Like anyone who has ever been bombarded with magazine headlines in a grocery store checkout line, Kouris Kalligas had a few assumptions about how to reduce his weight and improve his sleep. Instead of taking someone’s word for it, he looked to his own data to see if these assumptions were true. After building up months of data from his wireless scale, diet tracking application, activity tracking devices, and sleep app he spent time inputing that data into Excel to find out if there were any significant correlations. What he found out was surprising and eye-opening.

This video is a great example of ouse expert user-driven program at our Quantified Self Conferences. If you’re interest in tell your own self-tracking story, or want to hear real examples of how people use data in their lives we invite you to register for the QS15 Conference & Exposition.

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Meetups This Week

As the summer begins to close, QS groups are getting together all over to talk and share their experiences. During this next week, there are 8 groups getting together in four different countries. To see when the next meetup in your area is, check the full list of the over 100 QS meetup groups in the right sidebar. Don’t see one near you? Why not start your own!

Monday (September 15)
Austin, Texas
This meetup will feature fascinating talks on baby measurements and turning tracking data into art.

Tuesday (September 16)
Dublin, Ireland
All of the talks at this meetup will have a sports theme.

Wednesday (September 17)
Cincinnati, Ohio
The Cincinnati group will host a couple of great guest speakers who will talk about heart rate variability and wearable application development.

Raleigh, North Carolina
A nice, low-key meetup for the group in Raleigh.

Dallas/Fort Worth, Texas
A group of trackers in the North Texas area will be getting together to talk about their self-tracking.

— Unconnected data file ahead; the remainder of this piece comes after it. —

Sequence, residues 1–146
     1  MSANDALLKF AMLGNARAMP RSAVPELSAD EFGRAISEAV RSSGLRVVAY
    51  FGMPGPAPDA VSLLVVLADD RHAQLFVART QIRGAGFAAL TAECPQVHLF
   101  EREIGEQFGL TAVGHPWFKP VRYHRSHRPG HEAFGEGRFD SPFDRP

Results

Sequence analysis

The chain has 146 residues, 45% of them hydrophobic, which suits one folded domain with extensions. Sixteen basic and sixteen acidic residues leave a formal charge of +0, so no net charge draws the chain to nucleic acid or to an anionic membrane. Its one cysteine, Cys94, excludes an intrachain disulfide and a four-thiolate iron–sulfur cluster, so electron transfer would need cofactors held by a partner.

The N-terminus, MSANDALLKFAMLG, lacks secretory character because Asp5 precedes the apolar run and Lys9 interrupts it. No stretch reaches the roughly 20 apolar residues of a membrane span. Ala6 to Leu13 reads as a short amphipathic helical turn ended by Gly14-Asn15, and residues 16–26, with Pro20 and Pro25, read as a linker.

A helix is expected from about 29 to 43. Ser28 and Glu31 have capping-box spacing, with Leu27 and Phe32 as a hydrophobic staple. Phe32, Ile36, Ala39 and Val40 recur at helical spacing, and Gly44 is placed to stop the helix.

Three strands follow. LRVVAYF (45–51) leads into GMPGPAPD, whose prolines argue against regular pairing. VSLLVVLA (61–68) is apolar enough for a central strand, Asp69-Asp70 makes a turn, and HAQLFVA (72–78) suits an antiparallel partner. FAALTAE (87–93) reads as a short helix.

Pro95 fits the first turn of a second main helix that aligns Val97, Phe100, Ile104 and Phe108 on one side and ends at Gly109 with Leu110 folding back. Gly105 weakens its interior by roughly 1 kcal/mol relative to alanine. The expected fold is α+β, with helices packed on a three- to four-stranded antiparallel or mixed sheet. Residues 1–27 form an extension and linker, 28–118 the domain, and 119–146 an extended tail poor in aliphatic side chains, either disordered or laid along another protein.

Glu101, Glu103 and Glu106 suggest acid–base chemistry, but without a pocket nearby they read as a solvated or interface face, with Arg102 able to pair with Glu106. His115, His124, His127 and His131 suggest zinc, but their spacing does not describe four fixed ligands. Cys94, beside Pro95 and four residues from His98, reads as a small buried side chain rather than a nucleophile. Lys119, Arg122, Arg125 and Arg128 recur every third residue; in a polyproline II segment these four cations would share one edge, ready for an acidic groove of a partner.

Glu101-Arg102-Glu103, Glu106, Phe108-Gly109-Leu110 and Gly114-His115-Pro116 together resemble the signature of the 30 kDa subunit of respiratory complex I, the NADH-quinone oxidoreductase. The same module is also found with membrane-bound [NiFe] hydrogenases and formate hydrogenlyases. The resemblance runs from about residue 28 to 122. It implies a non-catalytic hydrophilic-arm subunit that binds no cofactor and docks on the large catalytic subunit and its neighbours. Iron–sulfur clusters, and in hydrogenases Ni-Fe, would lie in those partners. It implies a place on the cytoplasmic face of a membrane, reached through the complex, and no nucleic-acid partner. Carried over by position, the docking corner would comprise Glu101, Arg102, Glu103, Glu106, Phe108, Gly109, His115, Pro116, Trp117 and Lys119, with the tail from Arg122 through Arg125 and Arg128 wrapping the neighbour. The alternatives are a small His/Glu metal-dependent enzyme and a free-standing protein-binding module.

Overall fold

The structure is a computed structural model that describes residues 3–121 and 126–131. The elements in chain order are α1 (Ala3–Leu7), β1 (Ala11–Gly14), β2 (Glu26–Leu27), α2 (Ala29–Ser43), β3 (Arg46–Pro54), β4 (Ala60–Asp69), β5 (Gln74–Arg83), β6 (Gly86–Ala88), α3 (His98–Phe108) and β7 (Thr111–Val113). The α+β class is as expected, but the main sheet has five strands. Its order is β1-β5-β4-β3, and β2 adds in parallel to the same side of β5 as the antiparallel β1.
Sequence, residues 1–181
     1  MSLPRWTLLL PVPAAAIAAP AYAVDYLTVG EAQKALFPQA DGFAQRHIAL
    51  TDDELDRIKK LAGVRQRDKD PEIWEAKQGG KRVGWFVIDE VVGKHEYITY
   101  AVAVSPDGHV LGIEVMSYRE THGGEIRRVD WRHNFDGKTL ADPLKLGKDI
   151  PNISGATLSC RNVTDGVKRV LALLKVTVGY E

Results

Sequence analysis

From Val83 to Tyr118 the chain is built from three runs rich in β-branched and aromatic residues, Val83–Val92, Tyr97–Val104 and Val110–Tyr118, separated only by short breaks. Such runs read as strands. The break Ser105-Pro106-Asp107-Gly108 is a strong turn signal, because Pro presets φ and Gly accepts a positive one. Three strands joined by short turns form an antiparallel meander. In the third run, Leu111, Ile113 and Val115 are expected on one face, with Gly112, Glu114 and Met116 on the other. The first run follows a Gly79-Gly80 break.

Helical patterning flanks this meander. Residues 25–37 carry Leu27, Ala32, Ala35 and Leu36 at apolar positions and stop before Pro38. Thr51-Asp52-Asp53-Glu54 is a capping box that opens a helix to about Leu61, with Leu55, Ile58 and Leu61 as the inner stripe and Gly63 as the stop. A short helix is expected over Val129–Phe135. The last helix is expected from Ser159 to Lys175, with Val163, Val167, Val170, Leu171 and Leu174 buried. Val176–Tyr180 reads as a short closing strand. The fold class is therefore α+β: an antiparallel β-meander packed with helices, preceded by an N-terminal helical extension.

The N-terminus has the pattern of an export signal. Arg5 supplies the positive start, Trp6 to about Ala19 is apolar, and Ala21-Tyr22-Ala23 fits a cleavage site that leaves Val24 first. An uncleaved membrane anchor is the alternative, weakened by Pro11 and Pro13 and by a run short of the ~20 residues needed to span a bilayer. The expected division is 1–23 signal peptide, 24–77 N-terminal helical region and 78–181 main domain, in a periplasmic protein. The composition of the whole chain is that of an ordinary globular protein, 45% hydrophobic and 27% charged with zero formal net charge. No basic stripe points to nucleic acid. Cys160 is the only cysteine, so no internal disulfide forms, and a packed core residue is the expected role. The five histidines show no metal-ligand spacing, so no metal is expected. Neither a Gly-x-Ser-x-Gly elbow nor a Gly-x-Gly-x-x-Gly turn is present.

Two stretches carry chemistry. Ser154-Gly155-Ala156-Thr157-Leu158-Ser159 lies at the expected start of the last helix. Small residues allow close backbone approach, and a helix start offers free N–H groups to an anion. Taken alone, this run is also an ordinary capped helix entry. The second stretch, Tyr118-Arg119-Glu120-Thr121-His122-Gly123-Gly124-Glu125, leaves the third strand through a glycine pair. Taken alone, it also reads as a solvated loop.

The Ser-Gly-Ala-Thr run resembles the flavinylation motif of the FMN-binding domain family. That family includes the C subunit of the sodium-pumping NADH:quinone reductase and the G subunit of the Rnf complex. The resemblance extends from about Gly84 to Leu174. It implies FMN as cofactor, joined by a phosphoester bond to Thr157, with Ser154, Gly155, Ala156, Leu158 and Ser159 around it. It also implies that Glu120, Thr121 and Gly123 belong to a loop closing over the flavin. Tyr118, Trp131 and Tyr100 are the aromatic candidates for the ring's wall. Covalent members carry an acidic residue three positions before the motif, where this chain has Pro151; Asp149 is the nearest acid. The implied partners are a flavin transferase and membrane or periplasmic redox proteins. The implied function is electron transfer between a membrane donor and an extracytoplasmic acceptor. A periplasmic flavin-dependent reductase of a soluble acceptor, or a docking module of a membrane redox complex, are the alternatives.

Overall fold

Thursday (September 18)
Groningen, Netherlands
This should be an intriguing meetup with talks on pH values, measuring physical load, and QS in health care.

Reno, Nevada
Reno is a brand new group and this meetup should be an auspicious start.

Manchester, England
The Manchester group will be getting together for a splendid conversation about QS.

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What We Are Reading

Before we get to this week’s list we want to make sure you know about our recent conference announcement. This week we announced our QS15 Conference & Exposition. This will be our seventh conference and is sure to be an amazing event. We invite you to register today!

Now on with the good stuff!

Articles
Why Big Data Won’t Cure Us by Gina Neff. A great research paper in the aptly name journal, Big Data. Dr. Neff specifically focuses on the perils of assuming “all the data” will solve the numerous health healthcare problems and then lays out five elements to consider as data, big and small, becomes part of our healthcare experience.

More Than Meets the Eye: NASA Scientists Listen to Data by Kasha Patel. Apparently the scientists studying the sun have so much data to sift through that listening to signals is a valuable alternative to visualizing it. (via our friend Joost Plattel)

Quantified Dating, Relationships, and Sex by Kitty Ireland. A great series of three posts by Kitty that explores a variety of examples of using self-tracking in the most intimate of situations – dating, long-term relationships, and sex.

A Look Back At the Evolution of Wearable Tech. In the wake of the recent Apple Watch announcement I love being able to look back at the history of different how technology has made inroads into our lives.

Show&Tell
The Baby Measureur by Erich Morisse. Erich is a proud father of a new child and like any new dad with data skills he started tracking some important metrics such as feeding time, feeding duration, and of course diaper changing!

A Day at Burning Man, Visualized Through Health Tracker Data by Gregory Ferenstein. Gregory takes his Basis Band to Burning Man and shows us what he learned.

Visualizations
scotto-prism
My Most Intimate Self Portrait by Scott Ogle. Scott has a wonderful post here about a visualization of his almost 30,000 text messages.

If I look closely, I can see a new job, vacations and a death in the data. I can even see where I moved past it all and stopped feeling the need to communicate so much. It may just be text messages, but it all correlates to things that are really real.

And all of it is captured in this graph.

AmsterdamMap
9 Days in Amsterdam – Tracking my Mobility in Bicycle Wonderland by Patrick Stotz. Patrick traveled to Amsterdam and tracked his stay using OpenPaths. I especially enjoyed how he was able to segment his means of transportation. If you’re interested in maps I suggest take a look at his great checklist for making geodata visualizations and this list of geodata tools.

RunkeeperTime
What Time of Day Do People Run by Data @ Runkeeper. As a runner I can’t get enough of these visualizations and data analyses.

From the Forum